Primary Non-Function of Hepatic Allograft With Preexisting Microvesicular Steatosis/Foamy Degeneration and Mild Large-Droplet Macrovesicular Steatosis

Melissa E. Limia, Xiu Li Liu, Jennifer Yu, Kathleen Byrnes


It has been established that more than mild large-droplet macrovesicular steatosis (LD-MAS) is associated with increased risk of graft non-function. In contrast, even severe small-droplet macrovesicular steatosis (SD-MAS) has been found to be less prognostically significant. It remains unclear if a donor liver with diffuse microvesicular steatosis is associated with an increased risk of graft dysfunction. A 56-year-old male with alcoholic cirrhosis was transplanted with a liver from a 42-year-old overweight male donor after brain death. The frozen section of the donor liver biopsy taken at harvest showed diffusely enlarged clear/foamy hepatocytes and mild LD-MAS (about 5-10% of total tissue). The reperfusion liver biopsy taken at time 0 of transplantation showed hemorrhage, pale and enlarged hepatocytes, and mild LD-MAS (about 10% of total tissue) with lipopeliosis. The graft became non-functional, and the patient was re-transplanted 24 h after the initial transplantation. Histologic examination of the failed liver allograft showed extensive hemorrhagic necrosis, neutrophilic inflammation, diffuse microvesicular steatosis, and large extracellular fat droplets (about 20% of total tissue). This case demonstrates that precautions are needed to avoid using livers with diffuse and severe microvesicular steatosis.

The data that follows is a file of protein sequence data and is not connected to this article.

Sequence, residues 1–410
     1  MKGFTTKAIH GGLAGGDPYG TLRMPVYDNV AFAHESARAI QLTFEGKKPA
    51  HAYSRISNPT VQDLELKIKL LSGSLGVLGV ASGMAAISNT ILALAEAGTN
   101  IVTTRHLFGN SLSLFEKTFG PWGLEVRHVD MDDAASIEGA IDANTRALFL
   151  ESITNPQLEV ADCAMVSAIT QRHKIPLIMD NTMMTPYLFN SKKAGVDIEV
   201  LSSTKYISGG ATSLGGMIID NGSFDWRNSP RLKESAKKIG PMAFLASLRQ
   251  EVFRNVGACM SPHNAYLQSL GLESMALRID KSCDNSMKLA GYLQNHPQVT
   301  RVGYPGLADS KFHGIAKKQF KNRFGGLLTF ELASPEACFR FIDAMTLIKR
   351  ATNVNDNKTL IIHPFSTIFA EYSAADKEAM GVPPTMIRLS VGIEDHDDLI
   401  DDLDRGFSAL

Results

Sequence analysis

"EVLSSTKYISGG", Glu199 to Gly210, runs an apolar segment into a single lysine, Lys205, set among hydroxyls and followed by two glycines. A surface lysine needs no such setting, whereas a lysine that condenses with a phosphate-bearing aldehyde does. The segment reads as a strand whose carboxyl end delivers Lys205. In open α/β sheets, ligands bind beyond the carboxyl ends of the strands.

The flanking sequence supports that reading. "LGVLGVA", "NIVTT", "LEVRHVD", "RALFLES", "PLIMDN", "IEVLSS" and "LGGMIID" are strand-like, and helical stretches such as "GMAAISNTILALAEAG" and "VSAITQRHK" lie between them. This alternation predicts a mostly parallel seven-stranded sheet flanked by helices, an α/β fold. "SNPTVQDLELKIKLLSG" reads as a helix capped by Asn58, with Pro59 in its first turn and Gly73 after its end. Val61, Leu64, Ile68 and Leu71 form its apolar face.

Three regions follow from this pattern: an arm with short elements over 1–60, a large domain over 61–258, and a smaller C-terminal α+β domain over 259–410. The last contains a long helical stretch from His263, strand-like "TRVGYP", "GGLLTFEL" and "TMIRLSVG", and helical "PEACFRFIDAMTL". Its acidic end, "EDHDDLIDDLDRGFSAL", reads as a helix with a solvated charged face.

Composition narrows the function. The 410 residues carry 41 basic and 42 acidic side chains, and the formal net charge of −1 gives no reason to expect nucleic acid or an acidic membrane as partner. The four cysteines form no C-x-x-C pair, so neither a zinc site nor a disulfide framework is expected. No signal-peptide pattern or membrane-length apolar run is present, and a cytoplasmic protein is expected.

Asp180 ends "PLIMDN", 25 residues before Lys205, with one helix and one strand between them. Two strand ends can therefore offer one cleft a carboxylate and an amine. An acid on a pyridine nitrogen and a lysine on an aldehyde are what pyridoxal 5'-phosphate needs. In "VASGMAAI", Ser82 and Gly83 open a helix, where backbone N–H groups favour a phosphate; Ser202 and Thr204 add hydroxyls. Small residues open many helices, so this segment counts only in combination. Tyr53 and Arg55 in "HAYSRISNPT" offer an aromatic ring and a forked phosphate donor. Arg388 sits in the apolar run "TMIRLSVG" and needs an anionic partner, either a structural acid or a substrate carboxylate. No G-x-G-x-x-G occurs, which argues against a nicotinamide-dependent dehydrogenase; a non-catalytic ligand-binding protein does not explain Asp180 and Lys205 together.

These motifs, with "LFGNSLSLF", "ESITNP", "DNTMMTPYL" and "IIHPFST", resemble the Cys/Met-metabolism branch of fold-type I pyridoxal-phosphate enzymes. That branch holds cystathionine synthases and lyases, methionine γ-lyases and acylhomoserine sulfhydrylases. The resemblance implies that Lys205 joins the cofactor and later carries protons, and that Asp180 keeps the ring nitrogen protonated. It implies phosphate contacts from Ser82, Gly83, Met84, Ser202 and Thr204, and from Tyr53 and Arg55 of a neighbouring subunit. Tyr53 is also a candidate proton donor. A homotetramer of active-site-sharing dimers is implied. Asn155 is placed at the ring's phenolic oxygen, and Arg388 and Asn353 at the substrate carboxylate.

Gastroenterol Res. 2024;17(1):37-40


Donor liver; Foamy degeneration; Frozen section; Large-droplet macrovesicular steatosis; Liver transplant; Microvesicular steatosis; Primary nonfunction

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